This abstract sculpture simplifies the shape of a sailboat departing to the new world. To maximize the image of the sea, objects are in the shape of islands and sails were placed in order in the fountain.
Critic's Note: Park Choong Heum’s work consists of triangle and square shaped copperplate pieces. The crack between the plates creates the tension and a flow of currents. The light connects the inside to the outside and the visible to the invisible, which reflects Park’s desire to communicate with the world. To complete one work, Park arranges and joins a number of copperplates in order. This process demands a thorough calculation and meticulous care. The crack between the copperplates symbolizes the modesty between accepting the rule of nature after drying up from secular greed. Moreover, it is the device to open one’s mind towards the world and universe.
The light reflected from the lighting equipment installed in the middle of the installation, which looks like a big bowl or a UFO-like discus or even an object which resembles a Pyramid, goes through the cracks and is refracted when it hits the gallery floor, ceiling, and walls. The light is embroidered with triangular, quadrilateral, and pentagonal beams. The piece of light, to be exact the variation of light in the space, is completed by the original shape of the installation, which is the ultimate source of the light. In the early 20th century, Moholy-Nagy’s ‘Light-Space Modulator’ (1930), altered the stage space dynamically by using a beam projector powered by electricity. Kim’s light installation shows a delicate and peaceful vision by creating a lonesome exhibition space like a field with the light of dawn or dim starlight. The penetrating light has a power to make the audience be a part of the installation and the space.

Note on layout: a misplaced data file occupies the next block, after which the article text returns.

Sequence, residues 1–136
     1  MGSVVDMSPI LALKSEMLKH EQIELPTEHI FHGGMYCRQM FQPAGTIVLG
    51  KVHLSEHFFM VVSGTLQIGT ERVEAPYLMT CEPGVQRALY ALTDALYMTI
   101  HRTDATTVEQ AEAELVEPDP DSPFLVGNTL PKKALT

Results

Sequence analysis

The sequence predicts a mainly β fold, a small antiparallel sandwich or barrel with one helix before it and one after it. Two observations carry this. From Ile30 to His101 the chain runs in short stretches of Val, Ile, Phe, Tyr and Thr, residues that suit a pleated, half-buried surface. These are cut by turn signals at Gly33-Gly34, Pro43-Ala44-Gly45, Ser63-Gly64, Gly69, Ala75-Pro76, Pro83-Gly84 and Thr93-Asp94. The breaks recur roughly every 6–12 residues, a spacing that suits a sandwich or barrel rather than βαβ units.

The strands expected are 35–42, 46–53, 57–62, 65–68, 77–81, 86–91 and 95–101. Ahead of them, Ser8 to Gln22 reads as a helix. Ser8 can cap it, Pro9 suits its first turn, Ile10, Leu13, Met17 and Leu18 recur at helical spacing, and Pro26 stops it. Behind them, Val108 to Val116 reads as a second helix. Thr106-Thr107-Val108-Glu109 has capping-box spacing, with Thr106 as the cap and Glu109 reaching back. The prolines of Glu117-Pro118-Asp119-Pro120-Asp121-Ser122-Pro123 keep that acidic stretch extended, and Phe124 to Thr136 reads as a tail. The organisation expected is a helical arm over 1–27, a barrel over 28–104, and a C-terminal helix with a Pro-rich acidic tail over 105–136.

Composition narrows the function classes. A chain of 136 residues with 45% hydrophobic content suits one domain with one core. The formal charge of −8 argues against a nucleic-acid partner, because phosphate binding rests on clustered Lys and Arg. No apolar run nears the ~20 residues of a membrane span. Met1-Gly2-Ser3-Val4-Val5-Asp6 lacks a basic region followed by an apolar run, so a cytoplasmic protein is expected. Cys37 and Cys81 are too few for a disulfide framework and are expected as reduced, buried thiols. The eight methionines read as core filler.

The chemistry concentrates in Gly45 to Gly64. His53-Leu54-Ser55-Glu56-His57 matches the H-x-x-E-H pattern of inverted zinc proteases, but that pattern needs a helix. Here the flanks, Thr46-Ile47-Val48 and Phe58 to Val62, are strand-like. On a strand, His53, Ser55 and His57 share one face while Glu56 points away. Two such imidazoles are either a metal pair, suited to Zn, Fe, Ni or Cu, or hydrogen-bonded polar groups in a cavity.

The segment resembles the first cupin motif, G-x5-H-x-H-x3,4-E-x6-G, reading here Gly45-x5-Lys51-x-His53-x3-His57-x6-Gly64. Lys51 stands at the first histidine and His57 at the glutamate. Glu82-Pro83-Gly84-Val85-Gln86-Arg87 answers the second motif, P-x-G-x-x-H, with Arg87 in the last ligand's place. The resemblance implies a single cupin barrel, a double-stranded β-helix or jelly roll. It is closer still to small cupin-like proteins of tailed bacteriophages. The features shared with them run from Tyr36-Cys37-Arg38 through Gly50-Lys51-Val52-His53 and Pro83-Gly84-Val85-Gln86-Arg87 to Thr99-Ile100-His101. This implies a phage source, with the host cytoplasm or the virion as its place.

Collection: Incheon Metropolitan Police Agency
Artist's Education: Seoul National University, Korea. M.F.A., Sculpture.